Developing Markov Models From Real-World Data: A Case Study of Heart Failure Modeling Using Administrative Data.
Value in Health : the Journal of the International Society for Pharmacoeconomics and Outcomes Research
OBJECTIVES: Markov models characterize disease progression as specific health states based on clinical or biological measures. However, these measures are not always collected outside clinical trials. In this article, an alternative approach is presented that uses real-world data to define the health states and to model transitions between them, specific to a local setting, to estimate the cost-effectiveness of telemonitoring (TM) versus no TM for heart failure.
METHODS: The incidence of hospitalization for usual care was estimated from hospital episode statistics (HES) data in the United Kingdom and converted into a monthly transition matrix with 5 health states (4 states are defined based on the number of hospitalizations in the previous year and death) to estimate the cost-effectiveness of TM in a local UK primary care trust (PCT) using probabilistic sensitivity analysis from a healthcare perspective.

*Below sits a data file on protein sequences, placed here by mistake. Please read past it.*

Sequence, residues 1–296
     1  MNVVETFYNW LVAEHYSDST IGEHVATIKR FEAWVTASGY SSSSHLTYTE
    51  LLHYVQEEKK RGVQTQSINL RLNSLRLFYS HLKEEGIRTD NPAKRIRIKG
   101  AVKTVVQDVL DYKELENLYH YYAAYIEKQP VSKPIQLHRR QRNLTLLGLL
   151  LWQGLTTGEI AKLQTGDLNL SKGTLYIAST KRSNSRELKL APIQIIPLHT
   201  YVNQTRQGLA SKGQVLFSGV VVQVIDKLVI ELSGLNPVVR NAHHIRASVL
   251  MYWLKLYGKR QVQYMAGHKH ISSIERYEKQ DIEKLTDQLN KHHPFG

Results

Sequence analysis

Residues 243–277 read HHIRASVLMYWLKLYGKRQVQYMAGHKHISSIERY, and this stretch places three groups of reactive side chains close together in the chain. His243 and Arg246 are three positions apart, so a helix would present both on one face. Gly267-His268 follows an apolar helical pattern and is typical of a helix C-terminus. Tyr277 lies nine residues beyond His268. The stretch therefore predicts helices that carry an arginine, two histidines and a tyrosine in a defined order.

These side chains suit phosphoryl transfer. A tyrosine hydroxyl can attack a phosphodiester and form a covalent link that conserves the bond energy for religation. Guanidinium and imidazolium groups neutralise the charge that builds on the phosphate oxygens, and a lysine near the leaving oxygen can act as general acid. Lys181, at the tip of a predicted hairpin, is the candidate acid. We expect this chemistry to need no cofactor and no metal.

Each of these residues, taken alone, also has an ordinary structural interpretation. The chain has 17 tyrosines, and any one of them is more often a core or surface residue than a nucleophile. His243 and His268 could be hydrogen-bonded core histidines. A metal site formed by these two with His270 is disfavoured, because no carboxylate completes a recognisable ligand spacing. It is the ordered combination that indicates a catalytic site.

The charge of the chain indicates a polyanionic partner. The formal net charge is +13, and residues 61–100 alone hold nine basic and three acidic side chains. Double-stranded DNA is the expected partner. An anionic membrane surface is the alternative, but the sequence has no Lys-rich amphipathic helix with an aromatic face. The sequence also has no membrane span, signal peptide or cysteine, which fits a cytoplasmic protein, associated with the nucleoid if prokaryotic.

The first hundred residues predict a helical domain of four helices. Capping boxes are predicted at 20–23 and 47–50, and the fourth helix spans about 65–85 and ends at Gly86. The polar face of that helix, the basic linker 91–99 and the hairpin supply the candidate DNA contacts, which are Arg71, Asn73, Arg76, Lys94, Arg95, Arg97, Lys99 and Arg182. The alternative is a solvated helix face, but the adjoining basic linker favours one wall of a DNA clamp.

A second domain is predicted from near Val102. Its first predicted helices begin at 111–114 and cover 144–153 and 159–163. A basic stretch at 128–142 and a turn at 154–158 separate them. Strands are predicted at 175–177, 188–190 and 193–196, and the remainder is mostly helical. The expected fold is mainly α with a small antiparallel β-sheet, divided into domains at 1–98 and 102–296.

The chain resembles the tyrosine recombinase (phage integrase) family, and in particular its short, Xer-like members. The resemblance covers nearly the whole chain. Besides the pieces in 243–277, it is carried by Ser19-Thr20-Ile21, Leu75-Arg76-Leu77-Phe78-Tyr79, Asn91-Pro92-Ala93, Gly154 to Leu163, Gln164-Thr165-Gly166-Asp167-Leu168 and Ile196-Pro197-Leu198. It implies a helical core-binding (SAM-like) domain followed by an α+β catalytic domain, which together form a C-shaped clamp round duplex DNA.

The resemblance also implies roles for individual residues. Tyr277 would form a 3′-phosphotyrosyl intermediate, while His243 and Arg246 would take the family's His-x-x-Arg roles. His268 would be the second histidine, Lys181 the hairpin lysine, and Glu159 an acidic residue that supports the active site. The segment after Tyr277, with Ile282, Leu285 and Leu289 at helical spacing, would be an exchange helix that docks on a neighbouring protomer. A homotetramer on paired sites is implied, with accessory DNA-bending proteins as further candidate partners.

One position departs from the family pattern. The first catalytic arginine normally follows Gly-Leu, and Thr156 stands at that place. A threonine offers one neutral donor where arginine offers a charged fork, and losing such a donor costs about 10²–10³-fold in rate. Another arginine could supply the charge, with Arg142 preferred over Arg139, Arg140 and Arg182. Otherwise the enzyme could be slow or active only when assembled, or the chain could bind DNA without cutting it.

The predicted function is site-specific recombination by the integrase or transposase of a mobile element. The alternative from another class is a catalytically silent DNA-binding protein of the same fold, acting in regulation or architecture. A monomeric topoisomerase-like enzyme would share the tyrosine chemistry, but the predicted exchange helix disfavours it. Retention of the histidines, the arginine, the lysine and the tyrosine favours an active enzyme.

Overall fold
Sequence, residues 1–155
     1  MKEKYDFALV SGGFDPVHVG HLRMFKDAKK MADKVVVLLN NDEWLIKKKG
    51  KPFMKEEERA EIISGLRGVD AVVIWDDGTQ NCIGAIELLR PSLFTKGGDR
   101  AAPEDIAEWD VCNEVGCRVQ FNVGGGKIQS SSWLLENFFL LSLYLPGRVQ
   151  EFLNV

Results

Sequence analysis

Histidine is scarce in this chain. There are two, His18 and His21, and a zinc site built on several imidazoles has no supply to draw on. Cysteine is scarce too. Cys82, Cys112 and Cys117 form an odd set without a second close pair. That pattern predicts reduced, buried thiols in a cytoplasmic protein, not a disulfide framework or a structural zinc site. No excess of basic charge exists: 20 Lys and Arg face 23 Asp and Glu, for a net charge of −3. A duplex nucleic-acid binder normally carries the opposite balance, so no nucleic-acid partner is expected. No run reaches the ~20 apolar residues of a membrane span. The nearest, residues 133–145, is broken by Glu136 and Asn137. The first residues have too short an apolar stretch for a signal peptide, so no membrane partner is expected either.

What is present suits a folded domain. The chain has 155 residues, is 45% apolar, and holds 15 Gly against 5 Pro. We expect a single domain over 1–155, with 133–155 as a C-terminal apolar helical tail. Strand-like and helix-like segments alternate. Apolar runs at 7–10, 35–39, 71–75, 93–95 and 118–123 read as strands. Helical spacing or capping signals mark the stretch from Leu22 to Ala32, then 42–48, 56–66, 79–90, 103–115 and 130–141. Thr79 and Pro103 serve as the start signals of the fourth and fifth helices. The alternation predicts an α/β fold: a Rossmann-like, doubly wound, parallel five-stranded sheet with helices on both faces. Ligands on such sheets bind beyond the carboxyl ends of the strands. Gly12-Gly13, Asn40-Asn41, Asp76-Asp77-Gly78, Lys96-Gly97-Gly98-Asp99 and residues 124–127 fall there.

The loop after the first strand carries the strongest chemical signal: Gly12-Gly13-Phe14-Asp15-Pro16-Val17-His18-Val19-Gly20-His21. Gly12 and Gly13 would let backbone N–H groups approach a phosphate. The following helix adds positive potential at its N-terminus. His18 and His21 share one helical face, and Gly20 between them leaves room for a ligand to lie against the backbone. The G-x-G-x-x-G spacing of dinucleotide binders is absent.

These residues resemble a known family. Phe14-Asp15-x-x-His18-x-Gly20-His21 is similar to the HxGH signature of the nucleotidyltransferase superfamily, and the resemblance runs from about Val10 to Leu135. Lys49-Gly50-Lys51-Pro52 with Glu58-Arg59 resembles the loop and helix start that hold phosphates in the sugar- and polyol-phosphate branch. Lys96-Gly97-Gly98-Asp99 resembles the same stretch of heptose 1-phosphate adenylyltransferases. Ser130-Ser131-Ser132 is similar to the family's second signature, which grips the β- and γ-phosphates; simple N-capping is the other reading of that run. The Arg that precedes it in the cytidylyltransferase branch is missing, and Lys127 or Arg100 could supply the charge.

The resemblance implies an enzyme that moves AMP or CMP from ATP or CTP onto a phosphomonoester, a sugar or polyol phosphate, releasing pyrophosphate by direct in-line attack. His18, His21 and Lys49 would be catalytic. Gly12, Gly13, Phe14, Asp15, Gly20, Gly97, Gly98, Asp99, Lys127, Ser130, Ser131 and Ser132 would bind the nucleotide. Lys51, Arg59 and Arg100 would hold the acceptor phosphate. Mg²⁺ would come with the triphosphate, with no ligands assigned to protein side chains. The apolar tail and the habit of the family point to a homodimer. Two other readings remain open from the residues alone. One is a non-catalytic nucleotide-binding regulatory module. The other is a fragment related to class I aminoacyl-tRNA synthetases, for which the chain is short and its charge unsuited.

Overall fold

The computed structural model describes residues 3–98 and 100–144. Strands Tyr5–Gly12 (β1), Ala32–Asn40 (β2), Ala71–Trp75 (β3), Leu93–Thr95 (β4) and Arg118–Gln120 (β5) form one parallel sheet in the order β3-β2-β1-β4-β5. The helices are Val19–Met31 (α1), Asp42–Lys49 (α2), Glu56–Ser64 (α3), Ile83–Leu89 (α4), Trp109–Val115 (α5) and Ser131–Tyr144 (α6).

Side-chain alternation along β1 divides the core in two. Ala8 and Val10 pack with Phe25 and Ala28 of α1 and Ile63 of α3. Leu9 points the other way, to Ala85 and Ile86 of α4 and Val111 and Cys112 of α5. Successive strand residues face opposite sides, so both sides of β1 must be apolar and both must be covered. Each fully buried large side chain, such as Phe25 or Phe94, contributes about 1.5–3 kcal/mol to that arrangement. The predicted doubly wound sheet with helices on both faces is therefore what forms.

RESULTS: Geographical variation in hospitalization rates were present, which led to different health state transition matrices in different localities. In the PCT that was evaluated, TM accrued mean additional costs of £3610 and 0.075 additional quality-adjusted life-years (QALYs) compared with usual care per patient, resulting in a mean incremental cost effectiveness ratio of £48 172/QALY.
CONCLUSIONS: The use of administrative data to define health states and transition matrices based on health service events is feasible, and TM was not cost-effective in our analysis. Given the increasing emphasis on using real-world evidence, it is likely that these approaches will be used more in the future.
Thokala P, Dodd P, Baalbaki H, Brennan A, Dixon S, Lowrie K. Developing Markov Models From Real-World Data: A Case Study of Heart Failure Modeling Using Administrative Data. Value Health. 2020 Jun;23(6):743-750. doi: 10.1016/j.jval.2020.02.012. PMID: 32540232.